Focus and Background Marking in Mandarin Chinese
System and Theory behind cai, jiu, dou and ye
By Daniel Hole
Routledge – 2003 – 328 pages
This is an investigation into the grammaticalized system of focus-background agreement in Mandarin Chinese. The particles cái, jiù, dou and ye are, in a specific use type, shown to form the core of a highly systematic paradigm.
This book is not just a valuable companion for anyone interested in core aspects of Mandarin Chinese grammar. It caters for the interests of theoretical linguists as well as for linguists from other fields with an interest in information-structure, focus and contrastive topics, and quantification. The outstanding characteristic of this book, viz. its effortless integration of findings from formal semantics without heavy formal load, makes it rewarding reading both for linguists with a less formal background, and for researchers with some knowledge of formal semantics.
'[This] book is an outstanding piece of linguistic literature, with equally important contributions to both Chinese and general theoretical linguistics. It is written in a lucid way and uses formal technicalities only to the extent that they are inescapable … its very honest, yet strict scholarly attitude brings fresh air into the literature of the field, which I appreciate above all of its numerous other merits.' - Cahiers de Linguistique - Asie Orientale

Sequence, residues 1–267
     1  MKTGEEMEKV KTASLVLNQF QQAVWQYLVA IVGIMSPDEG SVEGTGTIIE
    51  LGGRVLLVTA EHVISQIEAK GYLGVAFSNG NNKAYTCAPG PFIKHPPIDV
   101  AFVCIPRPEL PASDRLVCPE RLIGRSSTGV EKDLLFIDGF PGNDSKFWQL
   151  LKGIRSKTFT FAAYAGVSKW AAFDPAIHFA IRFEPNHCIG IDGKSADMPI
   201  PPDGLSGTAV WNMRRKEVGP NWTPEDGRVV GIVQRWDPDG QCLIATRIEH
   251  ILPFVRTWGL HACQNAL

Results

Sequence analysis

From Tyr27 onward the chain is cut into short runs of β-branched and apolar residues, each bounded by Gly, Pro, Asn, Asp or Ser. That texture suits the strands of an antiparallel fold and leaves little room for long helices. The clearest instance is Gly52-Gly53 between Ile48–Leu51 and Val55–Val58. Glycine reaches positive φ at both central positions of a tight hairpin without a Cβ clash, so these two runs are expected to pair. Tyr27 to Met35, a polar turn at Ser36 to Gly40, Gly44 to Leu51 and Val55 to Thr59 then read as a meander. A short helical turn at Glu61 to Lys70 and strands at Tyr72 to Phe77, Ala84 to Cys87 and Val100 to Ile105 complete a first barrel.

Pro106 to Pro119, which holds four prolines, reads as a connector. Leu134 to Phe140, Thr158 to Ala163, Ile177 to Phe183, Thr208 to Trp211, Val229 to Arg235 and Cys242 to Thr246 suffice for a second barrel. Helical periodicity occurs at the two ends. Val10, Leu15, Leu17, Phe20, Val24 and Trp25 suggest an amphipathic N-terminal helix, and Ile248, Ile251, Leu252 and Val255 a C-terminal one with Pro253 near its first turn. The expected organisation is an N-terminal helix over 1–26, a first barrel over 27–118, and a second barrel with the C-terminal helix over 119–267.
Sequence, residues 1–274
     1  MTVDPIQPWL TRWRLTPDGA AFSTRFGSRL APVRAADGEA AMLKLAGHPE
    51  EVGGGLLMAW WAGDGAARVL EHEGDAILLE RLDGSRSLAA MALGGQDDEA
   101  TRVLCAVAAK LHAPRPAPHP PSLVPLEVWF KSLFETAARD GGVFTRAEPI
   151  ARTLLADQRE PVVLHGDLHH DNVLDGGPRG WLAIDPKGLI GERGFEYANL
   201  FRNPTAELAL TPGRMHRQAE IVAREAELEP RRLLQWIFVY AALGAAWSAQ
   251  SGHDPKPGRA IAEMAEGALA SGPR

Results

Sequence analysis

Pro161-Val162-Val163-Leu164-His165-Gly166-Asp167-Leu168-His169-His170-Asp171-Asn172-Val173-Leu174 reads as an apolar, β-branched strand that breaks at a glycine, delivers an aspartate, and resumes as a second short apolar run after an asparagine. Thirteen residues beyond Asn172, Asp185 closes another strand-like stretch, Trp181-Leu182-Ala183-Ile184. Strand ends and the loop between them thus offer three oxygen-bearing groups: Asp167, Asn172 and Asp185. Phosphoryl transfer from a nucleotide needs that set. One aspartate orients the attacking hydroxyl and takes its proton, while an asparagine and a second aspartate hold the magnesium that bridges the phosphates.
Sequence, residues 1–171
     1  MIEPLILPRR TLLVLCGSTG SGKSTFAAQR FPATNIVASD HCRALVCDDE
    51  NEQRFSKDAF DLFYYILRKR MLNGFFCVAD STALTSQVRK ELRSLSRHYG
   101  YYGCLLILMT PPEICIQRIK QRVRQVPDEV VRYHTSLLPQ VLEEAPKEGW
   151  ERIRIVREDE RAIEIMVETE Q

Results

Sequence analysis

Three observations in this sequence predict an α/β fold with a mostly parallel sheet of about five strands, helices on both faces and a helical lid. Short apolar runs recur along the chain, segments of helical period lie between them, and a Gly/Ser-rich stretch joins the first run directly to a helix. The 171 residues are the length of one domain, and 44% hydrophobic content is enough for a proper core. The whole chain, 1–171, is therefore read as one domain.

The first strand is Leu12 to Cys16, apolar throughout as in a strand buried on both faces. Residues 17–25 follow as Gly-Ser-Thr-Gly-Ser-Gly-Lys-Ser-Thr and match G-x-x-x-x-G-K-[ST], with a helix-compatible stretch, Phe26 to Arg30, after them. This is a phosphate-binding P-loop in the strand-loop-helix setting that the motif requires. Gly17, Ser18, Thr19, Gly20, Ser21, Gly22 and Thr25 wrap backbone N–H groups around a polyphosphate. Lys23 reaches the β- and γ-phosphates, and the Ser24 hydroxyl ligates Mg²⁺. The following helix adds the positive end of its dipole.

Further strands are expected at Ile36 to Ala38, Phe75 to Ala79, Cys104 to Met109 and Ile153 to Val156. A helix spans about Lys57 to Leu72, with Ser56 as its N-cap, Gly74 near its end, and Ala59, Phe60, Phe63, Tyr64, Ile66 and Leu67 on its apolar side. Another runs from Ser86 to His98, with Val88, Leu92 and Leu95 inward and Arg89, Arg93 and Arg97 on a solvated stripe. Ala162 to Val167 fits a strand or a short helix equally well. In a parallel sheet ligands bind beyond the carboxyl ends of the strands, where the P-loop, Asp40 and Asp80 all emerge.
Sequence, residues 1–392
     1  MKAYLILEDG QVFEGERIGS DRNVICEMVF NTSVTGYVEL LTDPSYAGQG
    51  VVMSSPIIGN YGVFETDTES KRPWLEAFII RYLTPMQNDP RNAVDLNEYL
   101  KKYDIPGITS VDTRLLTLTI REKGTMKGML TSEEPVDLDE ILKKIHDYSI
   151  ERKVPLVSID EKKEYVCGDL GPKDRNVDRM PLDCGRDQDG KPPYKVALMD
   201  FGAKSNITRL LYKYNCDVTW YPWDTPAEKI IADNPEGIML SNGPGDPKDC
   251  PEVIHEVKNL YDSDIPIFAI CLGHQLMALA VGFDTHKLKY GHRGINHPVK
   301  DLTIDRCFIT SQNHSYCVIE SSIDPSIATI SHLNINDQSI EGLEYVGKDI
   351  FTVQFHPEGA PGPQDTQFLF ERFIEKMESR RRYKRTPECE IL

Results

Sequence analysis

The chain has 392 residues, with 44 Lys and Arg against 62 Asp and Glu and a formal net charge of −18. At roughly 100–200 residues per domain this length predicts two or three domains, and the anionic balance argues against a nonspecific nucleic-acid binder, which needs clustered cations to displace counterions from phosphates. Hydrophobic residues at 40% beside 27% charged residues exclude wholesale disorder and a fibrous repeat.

'This study provides a comprehensive, insightful, and responsible scrutiny
on information structure and semantics in Mandarin grammar, completed by a
careful consideration of the syntax-semantics interface … [it] is an outstanding piece of work that I would recommend both to Chinese linguists, and to linguists interested in information structure.' - Linguist List
2. Use types
3. Triggers and constraints: where parametric cái, jiù, dou and ye must (not) be used
4. Cái, jiù, dou, ye and focus semantics
5. Problems and refinements
6. Conclusions and outlook
Daniel P. Hole, born in 1969, holds an M.A. degree in Theoretical Linguistics, Phonetics and Philosophy, and a Ph.D. degree in Linguistics. Following studies in Munich, Cologne, Berlin and Taibei, he now works as an assistant lecturer at the University of Munich. His research interests include information-structure, typology and diathesis alternations, with emphasis put on the integration of results from formal semantics.